Top and flop of the month: Invictus Games and Camila Batmanghelidjh

From the November edition of PRWeek UK: Prince Harry was praised for his involvement in the Invictus Games whereas former Kids Company founder Camila Batmanghelidjh didn't do herself any favours during a parliamentary select committee hearing.

Top of the month: US launch of Invictus Games strikes gold

It may not have been the most high-profile global sporting event of recent weeks, but the US launch of the second Invictus Games proved to be a PR triumph that in its own way was comparable with the hugely (and rightly) praised Rugby World Cup.

The Games are an international sporting event for wounded, injured and sick service personnel, with the 2016 tournament held in Orlando, Florida, next May.

The set-piece event saw Invictus Games founder Prince Harry have a high-profile meeting with President Obama at the Oval Office, followed by a discussion with Michelle Obama.

The prince also took time to meet injured veterans.

Prince Harry had a feckless youth, but the tone he struck throughout the campaign was just right, emphasising the bravery and sacrifice of the contestants and saying his deployment in Afghanistan "changed the direction" of his life.

Lighter moments involved a visit to a wheelchair basketball game when the First Lady addressed the women present by saying: "Don’t pretend you haven’t noticed Prince Harry is here."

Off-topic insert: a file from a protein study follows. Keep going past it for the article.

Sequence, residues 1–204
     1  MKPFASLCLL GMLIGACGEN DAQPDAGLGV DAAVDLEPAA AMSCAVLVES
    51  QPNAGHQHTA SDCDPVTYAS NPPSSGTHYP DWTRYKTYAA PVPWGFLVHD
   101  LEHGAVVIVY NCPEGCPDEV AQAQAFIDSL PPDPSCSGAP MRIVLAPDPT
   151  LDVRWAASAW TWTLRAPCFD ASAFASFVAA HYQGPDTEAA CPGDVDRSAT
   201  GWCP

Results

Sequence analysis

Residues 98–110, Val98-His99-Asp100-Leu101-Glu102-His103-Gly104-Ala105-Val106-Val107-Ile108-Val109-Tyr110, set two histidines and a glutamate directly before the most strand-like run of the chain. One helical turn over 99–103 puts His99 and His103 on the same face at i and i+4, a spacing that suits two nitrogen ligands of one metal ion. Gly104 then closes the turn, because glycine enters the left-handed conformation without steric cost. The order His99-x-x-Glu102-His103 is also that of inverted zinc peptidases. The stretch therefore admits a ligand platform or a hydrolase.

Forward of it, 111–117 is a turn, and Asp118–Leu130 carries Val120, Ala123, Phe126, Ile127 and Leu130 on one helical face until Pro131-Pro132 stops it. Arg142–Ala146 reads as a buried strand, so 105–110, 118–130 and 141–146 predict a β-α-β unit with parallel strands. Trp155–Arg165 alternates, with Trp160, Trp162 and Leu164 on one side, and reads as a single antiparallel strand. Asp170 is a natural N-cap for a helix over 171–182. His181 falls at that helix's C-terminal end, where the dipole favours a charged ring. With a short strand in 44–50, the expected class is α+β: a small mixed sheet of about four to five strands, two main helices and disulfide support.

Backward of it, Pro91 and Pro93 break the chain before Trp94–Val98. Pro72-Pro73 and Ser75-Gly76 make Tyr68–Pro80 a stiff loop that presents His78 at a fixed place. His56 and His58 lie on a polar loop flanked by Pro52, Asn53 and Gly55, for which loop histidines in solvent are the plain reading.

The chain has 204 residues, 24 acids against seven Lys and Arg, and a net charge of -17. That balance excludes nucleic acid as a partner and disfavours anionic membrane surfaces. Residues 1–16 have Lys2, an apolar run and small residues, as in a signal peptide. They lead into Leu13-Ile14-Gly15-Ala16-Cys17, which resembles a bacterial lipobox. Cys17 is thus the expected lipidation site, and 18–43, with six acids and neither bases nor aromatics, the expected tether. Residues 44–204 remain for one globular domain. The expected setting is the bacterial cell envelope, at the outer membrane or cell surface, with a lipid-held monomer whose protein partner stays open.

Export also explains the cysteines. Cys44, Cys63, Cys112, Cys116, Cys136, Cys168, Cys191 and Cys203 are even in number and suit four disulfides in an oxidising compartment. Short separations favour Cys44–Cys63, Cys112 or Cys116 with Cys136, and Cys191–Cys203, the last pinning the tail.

The extensive media coverage on both sides of the Atlantic also focused on the personal and moving stories of injured service personnel, much of which stressed the positive impact the Invictus Games has had on their lives.

Good Relations handled PR for the event with Chime stablemate CSM also involved.


Flop of the month: Batmanghelidjh baffles Parliament

Camila Batmanghelidjh’s performance at a parliamentary select committee about the now-defunct Kids Company charity was variously described by observers as an episode from the political satire The Thick of It and a car crash in slow motion.

Batmanghelidjh’s answers to the Commons Public Administration and Constitutional Affairs Committee were either defensive or, quite simply, impossible to understand.

An example is when the former CEO of Kids Co was asked by MPs where millions of pounds of funding to the charity had gone. Answer: "It was conceptualised."

This did not go down well with MPs, who accused her of "verbal ectoplasm". MP Paul Flynn even asked her to "stop talking".

Even fellow charity professionals could only hang their heads. One said the answers Batmanghelidjh gave would provide material for public affairs people training clients on select committee appearances for generations to come.

After the hearing, Batmanghelidjh gave PRWeek an interview in which she said she did not believe in PR or branding. Alan Yentob, Batmanghelidjh’s fellow accused at the hearing, admitted he had taken advice from Edelman.

Given the lesser mauling Yentob has received since, it is fair to say Batmanghelidjh could on this occasion have sacrificed her principles, and taken some advice from those who practise communications.

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